“I think about that man a lot,” she said. “He needed a support system and when I left, he didn’t have one anymore. I spend a lot of time now making sure people are connected to people.”

Since then she has started a sort of program for people who are new to the church. She pairs them with regular members and holds them each responsible for one another, making it to services, community activities and general friendship.


The Rev. Ruthie McKittrick has known Reese-Young for about 10 years, meeting through their shared profession, and became friends almost immediately. She serves as the pastor for Wilson Chapel C.M.E. in Coweta, Okla. Her congregation is always excited when Reese-Young visits in what has become an annual tradition for the past six years.

Three years ago on her visit she was preaching at what they call their Praise and Worship Revival. All pastors use analogies to convey messages, but Reese- Young decided to do something a little different. Instead of praise and worship she told the crowd to bob and weave.

She used the “Rocky” theme song, “Eye of the Tiger,” and paralleled that with how a boxer dances in a fight. Keep moving, don’t let the enemy hit you.

“The message was, when you have a situation or challenge in our lives you go back to our praise and worship, back to our bob and weave,” McKittrick said. “We were literally shadow boxing in church. I don’t think anyone else could have done the same thing and made it work.”

Even McKittrick’s 88-year-old mother and all the other elderly members with canes and walkers pushed everything to the side and started moving as much as they could.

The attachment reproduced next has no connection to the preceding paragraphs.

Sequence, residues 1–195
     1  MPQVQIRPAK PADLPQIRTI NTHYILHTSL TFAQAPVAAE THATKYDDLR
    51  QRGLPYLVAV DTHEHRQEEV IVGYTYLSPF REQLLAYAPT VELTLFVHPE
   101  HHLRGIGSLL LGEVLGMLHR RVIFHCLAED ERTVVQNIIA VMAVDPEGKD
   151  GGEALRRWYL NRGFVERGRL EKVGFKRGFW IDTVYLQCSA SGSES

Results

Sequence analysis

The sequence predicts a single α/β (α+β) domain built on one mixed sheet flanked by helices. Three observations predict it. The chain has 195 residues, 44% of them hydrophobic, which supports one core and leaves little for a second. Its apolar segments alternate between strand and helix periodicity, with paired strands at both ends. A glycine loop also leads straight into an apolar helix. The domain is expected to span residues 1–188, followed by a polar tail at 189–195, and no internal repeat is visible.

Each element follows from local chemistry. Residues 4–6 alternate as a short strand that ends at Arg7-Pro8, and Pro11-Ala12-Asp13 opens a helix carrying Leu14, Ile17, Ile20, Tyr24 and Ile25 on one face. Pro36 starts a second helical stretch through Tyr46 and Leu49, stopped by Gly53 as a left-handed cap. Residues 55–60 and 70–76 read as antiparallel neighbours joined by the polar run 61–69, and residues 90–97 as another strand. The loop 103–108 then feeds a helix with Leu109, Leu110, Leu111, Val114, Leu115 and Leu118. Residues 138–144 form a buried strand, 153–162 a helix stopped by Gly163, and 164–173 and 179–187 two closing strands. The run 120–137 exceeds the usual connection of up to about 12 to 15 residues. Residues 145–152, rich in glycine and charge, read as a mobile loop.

It’s something they still do occasionally and to this day when she tells people Reese-Young is coming to town people will automatically yell out “Bob and weave!”


Making a lasting impression seems to be something that’s followed Reese-Young since she was young. Her brother Kurtis, the baby of the family, can remember vividly his sister always being there to help take care of him and his siblings when mom and dad were busy.

“She would tuck me in, read me bedtime stories,” he said. “She was my first buddy, but she was also a second parent in some ways.”

Reverend, mother, perpetual big sister. From growing up reading bedtime stories to her baby brother Kurtis, to helping adopted children who just needed a friend and a safe haven, Rev. Regina Reese-Young now comes to Syracuse to do what she has always done. Parent, sister, friend, reverend. Whatever the situation calls for, she brings the experience and capabilities to help relieve some of the ails from which every city suffers.

“I don’t pretend to have the same size feet as Pastor Agee,” she said. “But these size 11’s go pretty good.”



— Article and photo by Donato DiRenzo, a graduate student at S.I. Newhouse School of Public Communications